Uncle Jacques was a wonderful road racer – in fact, he won a CART race at Road America in 1986 – but was not comfortable on the ovals. Once, in an effort to rev him up to turn left better, Billes took him to Oswego Speedway (ta-da . . .) in northern New York when the NASCAR modifieds were running there and paid Richie Evans, George Kent, Maynard Troyer (who provided the race car) and Jerry Grant to teach him how to circle-track race.
Villeneuve performed better after that session but still wasn’t a natural on ovals. So my question to Billes was, why make him do it if he’s not comfortable? Let him run the road courses and hire Warren Coniam to drive the ovals.
Billes said it was a good idea but wouldn’t work because the points went to the driver and not the team.
So change the way the points are awarded, I said then and I’ll say again.
Because the way things are going now, poor Will Power is never going to win a championship for Roger Penske.
Speaking about somebody who just might win a title for Roger this season, Brad Keselowski won the NASCAR Sprint Cup race Sunday at Chicagoland Speedway, with Jimmie Johnson second.
It was the opening event of the 10-race Chase for the Championship and if the first race is any indication, these two will soon distance themselves from the rest of the 12-car/driver pack although Kasey Kahne finished third and has been coming on strong in recent weeks.
Non-Chase drivers Kyle Busch and Ryan Newman were fourth and fifth. Full results here
Jeff Gordon was running well when his throttle wouldn’t close and he went crashing into the wall. And Denny Hamlin ran out of fuel on the last lap. Gordon was credited with 35th finishing position and Hamlin was 16th.
The Sprint Cup cars will now go on to New Hampshire Motor Speedway for a meet next weekend.
Canadian Bruno Spenger, driving for BMW, won the German Touring Car Series race Sunday at the Oschersleben circuit. Robert Wickens of Guelph and Toronto, driving for the Mercedes Junior Team, was seventh – an excellent result.
Finally, for this roundup, the Targa Newfoundland wound up at the weekend and here are the results:
St. John’s native Scott Giannou and co-driver Ray Felice of Guelph won a third straight victory in the Classic Division while Paul Dyer, of Bauline, Nfld., and Justin Grant of Paradise, Nfld., won the Open Division in their Mitsubishi Lancer.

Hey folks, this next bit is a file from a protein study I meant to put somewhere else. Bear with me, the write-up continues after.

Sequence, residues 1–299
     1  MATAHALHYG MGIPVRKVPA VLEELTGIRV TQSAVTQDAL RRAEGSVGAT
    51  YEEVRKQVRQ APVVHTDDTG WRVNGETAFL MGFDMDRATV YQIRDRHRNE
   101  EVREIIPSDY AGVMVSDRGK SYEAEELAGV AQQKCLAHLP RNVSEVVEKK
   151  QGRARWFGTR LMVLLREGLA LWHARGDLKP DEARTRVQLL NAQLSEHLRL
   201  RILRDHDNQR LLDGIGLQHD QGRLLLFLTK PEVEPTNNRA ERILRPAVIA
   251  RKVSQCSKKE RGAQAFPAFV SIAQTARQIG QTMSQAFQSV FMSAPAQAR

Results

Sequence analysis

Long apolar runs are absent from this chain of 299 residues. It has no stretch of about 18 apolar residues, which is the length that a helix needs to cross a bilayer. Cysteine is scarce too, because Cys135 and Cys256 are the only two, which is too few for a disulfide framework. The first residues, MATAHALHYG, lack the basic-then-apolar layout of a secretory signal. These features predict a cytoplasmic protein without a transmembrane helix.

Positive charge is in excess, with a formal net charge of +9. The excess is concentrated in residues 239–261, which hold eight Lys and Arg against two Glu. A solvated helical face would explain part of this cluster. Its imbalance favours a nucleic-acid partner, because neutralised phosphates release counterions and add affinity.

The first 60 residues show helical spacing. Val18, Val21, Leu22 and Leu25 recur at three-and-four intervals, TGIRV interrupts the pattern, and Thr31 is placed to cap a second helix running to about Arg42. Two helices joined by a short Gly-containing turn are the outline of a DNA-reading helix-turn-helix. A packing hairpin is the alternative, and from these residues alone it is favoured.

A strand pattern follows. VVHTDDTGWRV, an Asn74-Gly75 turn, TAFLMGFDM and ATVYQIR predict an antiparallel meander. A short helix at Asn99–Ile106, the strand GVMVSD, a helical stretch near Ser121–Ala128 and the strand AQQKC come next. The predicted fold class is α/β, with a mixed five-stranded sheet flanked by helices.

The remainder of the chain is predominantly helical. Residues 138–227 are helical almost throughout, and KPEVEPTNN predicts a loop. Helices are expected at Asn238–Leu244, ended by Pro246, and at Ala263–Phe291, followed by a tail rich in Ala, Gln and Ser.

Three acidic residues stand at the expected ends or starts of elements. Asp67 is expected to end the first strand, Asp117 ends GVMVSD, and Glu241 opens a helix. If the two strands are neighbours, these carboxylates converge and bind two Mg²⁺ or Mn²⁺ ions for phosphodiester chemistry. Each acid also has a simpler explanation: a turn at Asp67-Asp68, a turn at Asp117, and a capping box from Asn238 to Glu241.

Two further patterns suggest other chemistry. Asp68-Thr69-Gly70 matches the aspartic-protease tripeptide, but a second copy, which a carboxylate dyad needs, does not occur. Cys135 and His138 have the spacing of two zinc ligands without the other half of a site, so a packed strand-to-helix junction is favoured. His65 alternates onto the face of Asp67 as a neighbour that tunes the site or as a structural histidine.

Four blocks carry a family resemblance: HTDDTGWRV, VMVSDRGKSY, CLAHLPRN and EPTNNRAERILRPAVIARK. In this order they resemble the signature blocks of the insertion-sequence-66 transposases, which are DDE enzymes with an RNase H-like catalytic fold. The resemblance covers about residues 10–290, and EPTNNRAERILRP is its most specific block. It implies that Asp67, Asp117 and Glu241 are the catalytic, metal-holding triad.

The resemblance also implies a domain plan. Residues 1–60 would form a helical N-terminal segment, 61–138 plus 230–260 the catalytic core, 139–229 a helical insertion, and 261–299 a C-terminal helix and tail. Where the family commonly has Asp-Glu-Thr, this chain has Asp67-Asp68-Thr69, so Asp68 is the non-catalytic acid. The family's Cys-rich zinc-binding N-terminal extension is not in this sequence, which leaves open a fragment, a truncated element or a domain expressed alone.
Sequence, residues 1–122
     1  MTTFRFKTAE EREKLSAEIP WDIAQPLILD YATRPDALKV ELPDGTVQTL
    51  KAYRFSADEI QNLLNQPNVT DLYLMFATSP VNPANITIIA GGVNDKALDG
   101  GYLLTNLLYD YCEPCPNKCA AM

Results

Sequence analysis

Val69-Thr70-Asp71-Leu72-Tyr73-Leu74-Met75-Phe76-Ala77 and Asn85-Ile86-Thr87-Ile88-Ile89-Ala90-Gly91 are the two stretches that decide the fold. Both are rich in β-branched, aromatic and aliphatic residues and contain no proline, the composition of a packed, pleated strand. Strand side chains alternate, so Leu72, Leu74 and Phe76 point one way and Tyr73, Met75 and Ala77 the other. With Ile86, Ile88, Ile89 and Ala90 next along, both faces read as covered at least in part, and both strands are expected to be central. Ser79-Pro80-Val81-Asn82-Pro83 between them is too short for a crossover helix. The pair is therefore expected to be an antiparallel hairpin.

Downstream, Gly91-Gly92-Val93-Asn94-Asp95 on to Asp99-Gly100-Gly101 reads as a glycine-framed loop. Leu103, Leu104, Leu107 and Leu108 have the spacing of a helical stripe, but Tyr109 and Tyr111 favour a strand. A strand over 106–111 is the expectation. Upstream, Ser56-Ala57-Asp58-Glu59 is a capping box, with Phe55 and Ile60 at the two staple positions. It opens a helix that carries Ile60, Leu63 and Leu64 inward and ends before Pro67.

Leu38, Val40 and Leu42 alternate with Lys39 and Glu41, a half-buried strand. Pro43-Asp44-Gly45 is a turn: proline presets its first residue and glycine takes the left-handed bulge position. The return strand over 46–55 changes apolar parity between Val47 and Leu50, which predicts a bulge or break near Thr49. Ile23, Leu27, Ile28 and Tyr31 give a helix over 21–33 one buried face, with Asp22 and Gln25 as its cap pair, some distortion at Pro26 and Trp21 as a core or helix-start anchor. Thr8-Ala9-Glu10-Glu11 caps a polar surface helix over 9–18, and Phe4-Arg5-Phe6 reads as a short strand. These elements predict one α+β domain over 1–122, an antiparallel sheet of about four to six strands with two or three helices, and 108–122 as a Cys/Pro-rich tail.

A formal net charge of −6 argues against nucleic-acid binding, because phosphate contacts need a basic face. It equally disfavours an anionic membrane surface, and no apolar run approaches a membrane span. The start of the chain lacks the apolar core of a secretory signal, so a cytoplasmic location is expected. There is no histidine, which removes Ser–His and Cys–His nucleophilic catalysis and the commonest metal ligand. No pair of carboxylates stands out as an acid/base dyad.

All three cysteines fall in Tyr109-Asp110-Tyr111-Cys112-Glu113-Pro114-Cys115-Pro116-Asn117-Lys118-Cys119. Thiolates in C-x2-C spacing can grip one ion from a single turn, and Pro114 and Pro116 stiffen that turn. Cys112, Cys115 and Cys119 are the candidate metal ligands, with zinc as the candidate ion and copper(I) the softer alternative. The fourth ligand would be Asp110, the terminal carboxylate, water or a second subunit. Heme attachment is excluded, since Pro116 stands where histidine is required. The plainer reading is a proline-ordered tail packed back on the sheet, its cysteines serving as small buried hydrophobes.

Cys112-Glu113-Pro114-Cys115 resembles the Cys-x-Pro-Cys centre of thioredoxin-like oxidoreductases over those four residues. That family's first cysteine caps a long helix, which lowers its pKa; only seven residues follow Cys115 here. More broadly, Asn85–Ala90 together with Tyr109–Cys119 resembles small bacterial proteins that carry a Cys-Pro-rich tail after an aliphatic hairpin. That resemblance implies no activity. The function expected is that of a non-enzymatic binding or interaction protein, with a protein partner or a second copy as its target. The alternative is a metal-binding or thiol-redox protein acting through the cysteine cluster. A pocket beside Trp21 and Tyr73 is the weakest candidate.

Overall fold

Second place in Classic went to the immaculate Ford Escort of the British team of Ben Gill and Dave Didcock. Third went to the Porsche of Bill Shanahan and Murray Smith of the U.S.
The battle for second in Open was finally settled in favor of Samuel Hubinette of Sweden and co-driver Jen Horsey of Toronto, who wheeled their tiny Fiat Abarth home ahead of the monster Mustang of Ray and Julie Halleran of Paradise, Nfld.
The Modern Division was controlled from the start by Andrew Comrie-Picard of Edmonton (via California) and expatriate Australian Brian O’Kane of Calgary, who steered their Mitsubishi Lancer to a decisive victory ahead of Targa rookies Bill Caswell and Horst Reinhardt of the U.S. in their BMW M3.
The battle for third place went down to the final day, when the MINI Cooper S of Doug Mepham of Belleville and co-driver John Solecki of Pickering moved ahead of the impressive rookie team of Daryl Leiski and co-driver Grant Lindsay of Prince George, B.C.
The Grand Touring competition see-sawed back-and-forth all week between three team-mates but was finally settled in favor of John Hume Sr. of Toronto, and Craig MacMullen of Centreville, N.S., in their BMW. They gained a comfortable lead on the final day over the MINI Cooper Countryman of Jon Riddell and Brian De Lange of Toronto.
Third was another BMW, driven by John Hume Jr, of Toronto, with navigator Mel Van Adrichem of Inkerman, Ont.
More results can be found at www.targanewfoundland.com/results/
The rally also raised substantial funds for a number of charitable causes, including the Autism Society of Newfoundland and Labrador.
Way to go, folks. Perhaps Wheels will enter an official Toronto Star entry one of these years . . .